Assessment and diagnosis - therapy, drug, person, medication, brain, personality, health, mood
Features articles that describe the relationship between assessment and instruction, introduce innovative assessment strategies; outline diagnostic procedures;. The Complicated Relationship between Assessment, Accountability, and Equity They should also be used as diagnostic tools for determining. Confusion reigns over these two terms, and their usage wanders, depending on context. In this book we will use the following distinction: Assessment is the.
Medical News Today offers that a symptom is noticed by the patient, whereas a sign is noticed by the health care professional Nordqvist An ankle sprain definitely hurts the symptom and often causes swelling and even bruising the signs.
What is the difference between “assessment” and “evaluation?” | ITLAL
Exercise professionals need to know the difference between signs and symptoms and are often called on to assist with their management—at onset and over the long term. After a series of questions and perhaps some routine tests, your Doctor comes back with a diagnosis and treatment plan. Many will argue that formal diagnosis capacity belongs with advanced health professionals, and most exercise practitioners are not covered for such duties within their scope of practice and insurance guidelines.
Select exercise practitioners with the appropriate certification can assess their clients and there are a variety of protocols at their disposal to do so. Such assessments can provide vital and varied information to assist with customized exercise prescriptions and improve the health and well-being of clients.
Without proper assessment, individualized exercise prescription is just not possible, and your clients will likely continue to suffer.
The Behavioral Institute for Children and Adolescents goes on to differentiate between assessment and diagnosis with some important points Braaten n. Assessments and diagnosis are quite different—from application to outcome—and qualified exercise professionals possess the knowledge to determine the appropriate assessments for client benefit.
Past medical and psychological history Because medical problems—including thyroid disease, Parkinson's disease, head trauma, and brain infections—can cause psychological symptoms, a thorough medical history must be taken.
The treatment's duration, effectiveness, and outcome is also noted. Personal history This portion of the assessment provides information on the patient's entire life, beginning with prenatal development, including maternal abortions, nutrition, and drug use during pregnancy; birth trauma; and birth order. The patient's life is then discussed in distinct phases: Questions include information about temperament, walking, talking, toilet training, nutrition and feeding, family relationships, behavioral problems, hospitalization, and separation from early childhood caregivers.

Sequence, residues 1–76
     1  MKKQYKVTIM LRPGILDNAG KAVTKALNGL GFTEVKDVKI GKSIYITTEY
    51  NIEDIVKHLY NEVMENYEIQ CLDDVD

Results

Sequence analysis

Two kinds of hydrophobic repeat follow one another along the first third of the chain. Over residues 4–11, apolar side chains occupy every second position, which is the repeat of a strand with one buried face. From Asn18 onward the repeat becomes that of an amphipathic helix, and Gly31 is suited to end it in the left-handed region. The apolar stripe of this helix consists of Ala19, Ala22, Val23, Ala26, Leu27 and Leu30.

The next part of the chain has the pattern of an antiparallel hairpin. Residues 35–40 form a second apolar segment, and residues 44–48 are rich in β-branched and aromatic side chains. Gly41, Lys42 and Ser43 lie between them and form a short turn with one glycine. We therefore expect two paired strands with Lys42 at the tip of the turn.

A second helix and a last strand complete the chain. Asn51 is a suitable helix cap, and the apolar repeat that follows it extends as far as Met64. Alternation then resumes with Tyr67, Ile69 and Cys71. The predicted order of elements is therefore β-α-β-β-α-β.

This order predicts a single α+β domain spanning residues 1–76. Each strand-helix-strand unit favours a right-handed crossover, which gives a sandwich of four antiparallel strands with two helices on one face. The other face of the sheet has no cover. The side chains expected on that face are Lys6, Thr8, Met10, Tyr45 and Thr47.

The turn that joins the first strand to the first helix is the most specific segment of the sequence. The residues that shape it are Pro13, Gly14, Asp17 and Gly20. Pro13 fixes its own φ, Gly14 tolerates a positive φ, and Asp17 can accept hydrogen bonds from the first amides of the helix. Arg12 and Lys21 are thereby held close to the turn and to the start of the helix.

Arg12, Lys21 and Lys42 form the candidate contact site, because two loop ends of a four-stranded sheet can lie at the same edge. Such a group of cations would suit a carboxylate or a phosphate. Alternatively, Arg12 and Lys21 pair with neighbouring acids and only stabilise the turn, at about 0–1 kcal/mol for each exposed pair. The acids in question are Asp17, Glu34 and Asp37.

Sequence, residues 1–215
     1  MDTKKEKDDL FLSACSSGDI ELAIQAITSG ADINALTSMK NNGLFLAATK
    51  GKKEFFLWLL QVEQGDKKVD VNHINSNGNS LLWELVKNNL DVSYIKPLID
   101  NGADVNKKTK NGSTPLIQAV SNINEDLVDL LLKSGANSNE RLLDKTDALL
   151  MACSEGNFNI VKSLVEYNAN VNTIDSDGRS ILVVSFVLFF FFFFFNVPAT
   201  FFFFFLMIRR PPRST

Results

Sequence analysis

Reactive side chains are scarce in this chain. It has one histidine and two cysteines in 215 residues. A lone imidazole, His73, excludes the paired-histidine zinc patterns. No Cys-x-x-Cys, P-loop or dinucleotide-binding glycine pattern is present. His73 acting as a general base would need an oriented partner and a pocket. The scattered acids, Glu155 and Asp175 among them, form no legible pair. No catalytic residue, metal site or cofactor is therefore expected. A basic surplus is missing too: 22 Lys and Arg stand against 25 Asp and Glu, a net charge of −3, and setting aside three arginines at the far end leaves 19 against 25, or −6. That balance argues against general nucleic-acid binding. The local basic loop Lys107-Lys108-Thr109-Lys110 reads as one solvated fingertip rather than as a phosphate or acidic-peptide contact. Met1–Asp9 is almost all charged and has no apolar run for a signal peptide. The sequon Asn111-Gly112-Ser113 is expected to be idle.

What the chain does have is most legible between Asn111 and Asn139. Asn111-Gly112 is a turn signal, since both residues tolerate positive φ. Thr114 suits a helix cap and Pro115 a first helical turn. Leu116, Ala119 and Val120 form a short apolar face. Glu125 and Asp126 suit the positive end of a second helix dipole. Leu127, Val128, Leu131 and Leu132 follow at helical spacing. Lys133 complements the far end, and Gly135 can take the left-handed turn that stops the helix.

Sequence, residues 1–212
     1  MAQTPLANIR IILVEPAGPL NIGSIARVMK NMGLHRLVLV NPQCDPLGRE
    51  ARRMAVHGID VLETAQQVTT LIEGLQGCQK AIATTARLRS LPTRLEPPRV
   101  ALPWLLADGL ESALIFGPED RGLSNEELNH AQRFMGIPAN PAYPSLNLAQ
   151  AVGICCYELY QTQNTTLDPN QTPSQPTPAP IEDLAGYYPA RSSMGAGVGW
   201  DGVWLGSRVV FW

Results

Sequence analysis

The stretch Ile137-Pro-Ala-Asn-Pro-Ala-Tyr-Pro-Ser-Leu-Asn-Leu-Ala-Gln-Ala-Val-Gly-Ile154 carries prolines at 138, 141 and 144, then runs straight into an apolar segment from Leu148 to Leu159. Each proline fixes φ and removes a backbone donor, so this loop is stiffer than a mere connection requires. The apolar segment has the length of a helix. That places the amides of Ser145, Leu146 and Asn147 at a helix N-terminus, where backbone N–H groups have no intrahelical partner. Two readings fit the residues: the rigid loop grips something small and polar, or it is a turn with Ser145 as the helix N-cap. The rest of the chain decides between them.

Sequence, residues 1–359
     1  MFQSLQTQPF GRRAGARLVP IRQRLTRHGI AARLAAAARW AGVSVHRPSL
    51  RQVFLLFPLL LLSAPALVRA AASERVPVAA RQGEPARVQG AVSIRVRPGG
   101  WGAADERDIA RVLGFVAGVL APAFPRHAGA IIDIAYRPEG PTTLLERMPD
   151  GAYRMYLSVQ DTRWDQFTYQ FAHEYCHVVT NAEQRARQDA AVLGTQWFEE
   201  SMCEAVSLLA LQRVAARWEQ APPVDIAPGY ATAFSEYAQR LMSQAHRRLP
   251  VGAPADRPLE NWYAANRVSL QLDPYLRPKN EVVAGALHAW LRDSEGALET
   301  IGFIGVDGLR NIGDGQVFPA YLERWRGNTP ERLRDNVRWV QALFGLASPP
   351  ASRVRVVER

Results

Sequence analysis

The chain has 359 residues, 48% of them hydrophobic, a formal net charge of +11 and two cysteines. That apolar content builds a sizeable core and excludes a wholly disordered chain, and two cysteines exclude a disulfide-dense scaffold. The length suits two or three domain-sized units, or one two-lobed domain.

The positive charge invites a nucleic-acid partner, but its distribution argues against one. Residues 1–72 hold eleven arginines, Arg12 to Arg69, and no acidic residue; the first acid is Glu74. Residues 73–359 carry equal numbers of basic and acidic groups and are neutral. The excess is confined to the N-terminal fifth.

Pertinent information will be gathered concerning learning, relationship with peers and family, behavioral problems, and general personality development. Information typically includes school history, behavioral problems, and sexual development.
Assessment and diagnosis
Family history Family history is crucially important since many mental disorders can be inherited genetically. Additionally, family interactions may affect the patient's symptoms and disorder.
The psychological assessment also called the biopsychosocial or psychiatric assessment gathers information to diagnose any mental disorder that the person may have.
A complete psychological assessment should include: Once complete, the assessment will help establish a diagnosis.
- The Complicated Relationship between Assessment, Accountability, and Equity
- Diagnosis vs Assessment
- What is the difference between “assessment” and “evaluation?”
Substance use history This portion of the psychological assessment details information on the patient's use of both illicit drugs opiates, cocaine, alcohol, marijuana, hallucinogens, and depressants and legally prescribed medications, as well as nicotine and caffeine.
Questions usually focus on age of first use, age of last use, period of heaviest use, usage within the past 30 days, frequency, quantity, and route of usage.
Diagnosis vs Assessment
Tolerance and dependence, if present, are noted, as are the patient's treatment history, any medical complications AIDS, for exampleand legal problems associated with usage such as driving or operating a vehicle or machine while impaired. Appearance—hygiene, general appearance, grooming, and attire. Behavior—abnormal movements, hyperactivity and eye contact with the interviewer.
Speech—fluency, rate, clarity, and tone, all of which may indicate the patient's mental state. A fast-talking person, for example, may be anxious. Speech can also reveal intoxication or impairment as well as problems in the mouth i. The examiner then goes on to assess other aspects of the patient's mental state, such as mood, thought process, and cognition, beginning with a question such as that suggested in the Merck Manual of Geriatrics.